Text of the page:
After putting the final touches on the presentation itself, cutting paper squares for the origami project, packing the big yellow ball, and making copies of the line dance, Karen and I headed to Lake Charles last week for the VCC, Various Chemical Companies, HR Conference at the Golden Nugget. With such a fun place and such fun people, we knew that we would enjoy this opportunity -- and we really did!! I created a customized presentation called “Show Your Work!” designed to help HR professionals use observational learning strategies to model effective communication skills. These professionals already utilize strong communication skills every single day on the job, so I shared concrete strategies to help model these skills for others to copy and use. But as I planned and researched and prepared (all things I LOVE to do) for the presentation, I needed an activity to demonstrate the importance of modeling, of “showing” how to do something instead of just “telling” what to do! Because I can’t cook, knit, or throw a curveball (all better “show, not tell” activities), I can dance (not all that well but I can hold a beat!).
So for the presentation, I decided to teach the Cut a Rug Line Dance. To learn the dance from “telling” only, here are some of the directions: step right foot to right side, step together with left foot; repeat; step left foot to left side, step together with the right foot; repeat; step right foot to right front diagonal; touch left foot beside right; step left foot to left back diagonal, touch right foot beside left … See what I mean? Learning to do a line dance by only reading or hearing the words is almost impossible! The very best way to learn the dance is to have someone “show” you the steps and use words to explain each one. So after a few minutes of squirming and confused faces while reading the steps on the handout we provided, I stepped up to the front of the room to model the steps and teach the dance. Now here is where I should write “and we all joyfully learned the dance and had a great time line dancing to Alan Jackson!” But - due to overwhelming conference attendance (a few participants didn’t RSVP) and a very small conference room (again probably because of the missing RSVPs), we had very little space to dance. As I looked out at the crowded conditions, I thought that the activity would fail miserably and began frantically thinking of a Plan B, but those participants jumped (well more of stepped lightly) in and worked to master the dance steps even with little room to move. Instead of “stepping” to the right, they all shuffled just a bit. Instead of moving “diagonally,” they just moved a bit forward. And at times, we all just stood in one spot and bounced to the music! Through all the laughter and the apologies for stepping on toes, we just made it work and had a great time line dancing!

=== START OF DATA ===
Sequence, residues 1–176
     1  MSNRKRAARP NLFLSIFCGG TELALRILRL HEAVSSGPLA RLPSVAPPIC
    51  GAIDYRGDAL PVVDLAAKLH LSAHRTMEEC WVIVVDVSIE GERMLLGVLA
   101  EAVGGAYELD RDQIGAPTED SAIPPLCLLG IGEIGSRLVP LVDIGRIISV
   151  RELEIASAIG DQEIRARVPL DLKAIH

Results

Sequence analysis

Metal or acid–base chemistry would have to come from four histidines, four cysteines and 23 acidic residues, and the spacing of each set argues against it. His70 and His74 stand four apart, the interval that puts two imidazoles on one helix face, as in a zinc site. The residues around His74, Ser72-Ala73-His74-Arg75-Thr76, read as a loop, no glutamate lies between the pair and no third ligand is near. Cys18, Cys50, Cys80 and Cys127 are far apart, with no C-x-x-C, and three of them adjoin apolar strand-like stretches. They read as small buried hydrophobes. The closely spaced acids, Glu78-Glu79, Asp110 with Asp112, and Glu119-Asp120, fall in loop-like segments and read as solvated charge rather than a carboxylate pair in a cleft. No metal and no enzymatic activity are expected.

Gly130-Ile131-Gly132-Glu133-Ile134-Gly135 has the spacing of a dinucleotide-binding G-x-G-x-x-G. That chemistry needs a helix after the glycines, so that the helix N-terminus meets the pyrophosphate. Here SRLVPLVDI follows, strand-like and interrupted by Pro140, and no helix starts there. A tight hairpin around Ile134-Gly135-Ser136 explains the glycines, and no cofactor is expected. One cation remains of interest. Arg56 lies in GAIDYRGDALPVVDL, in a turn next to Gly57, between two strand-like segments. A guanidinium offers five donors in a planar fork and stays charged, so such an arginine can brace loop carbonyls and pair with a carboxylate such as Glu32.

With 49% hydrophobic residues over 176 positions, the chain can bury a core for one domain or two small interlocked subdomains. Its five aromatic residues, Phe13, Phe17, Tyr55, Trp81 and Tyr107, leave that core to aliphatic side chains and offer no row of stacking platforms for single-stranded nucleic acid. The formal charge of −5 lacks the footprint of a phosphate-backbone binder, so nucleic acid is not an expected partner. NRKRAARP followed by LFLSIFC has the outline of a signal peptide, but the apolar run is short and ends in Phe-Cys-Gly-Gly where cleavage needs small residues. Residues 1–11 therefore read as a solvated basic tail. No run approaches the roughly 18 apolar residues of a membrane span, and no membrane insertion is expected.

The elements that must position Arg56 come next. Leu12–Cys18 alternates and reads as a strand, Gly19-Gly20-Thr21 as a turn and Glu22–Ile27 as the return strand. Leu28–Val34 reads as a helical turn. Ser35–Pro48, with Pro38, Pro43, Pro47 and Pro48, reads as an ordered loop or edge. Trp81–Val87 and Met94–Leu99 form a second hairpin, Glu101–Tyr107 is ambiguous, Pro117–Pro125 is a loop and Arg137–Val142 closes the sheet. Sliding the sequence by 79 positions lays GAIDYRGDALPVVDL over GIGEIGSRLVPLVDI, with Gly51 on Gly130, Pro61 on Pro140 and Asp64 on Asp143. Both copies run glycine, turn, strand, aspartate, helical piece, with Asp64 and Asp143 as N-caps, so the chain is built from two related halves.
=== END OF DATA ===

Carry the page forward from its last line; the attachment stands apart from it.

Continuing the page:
Although I know that these HR professionals totally understood the point of the activity and connected to my point that “showing” is so much more effective than “telling,” we all learned some other important lessons from the experience. Sometimes even the best planned activity or experience can face unexpected problems or obstacles, but we need to just work through it the best we can. Maybe that very important meeting you planned and prepared for is canceled and there is no time to reschedule. Find the best way to share the needed information using email or even sharing an infographic (visual representations of information, data or knowledge intended to present information quickly and clearly). Maybe your technical equipment (projector, speakers, even the wifi) will not work correctly for that training or presentation. As a trainer/presenter, always be prepared for this situation -- I promise it WILL happen to you. Always have the presentation saved multiple ways without the need for wifi; bring your own projector if possible; and use your phone and a microphone instead speakers (that’s how we danced to Alan Jackson!).
etc Strategies believes that having a make it work attitude will always help when things go wrong. Thinking through alternative options, preparing for problems, and keeping a positive outlook will help you figure out the best way to meet your communication goal. And a BIG thanks to all of the participants of the VCC Conference who enthusiastically made it work and danced, danced, danced!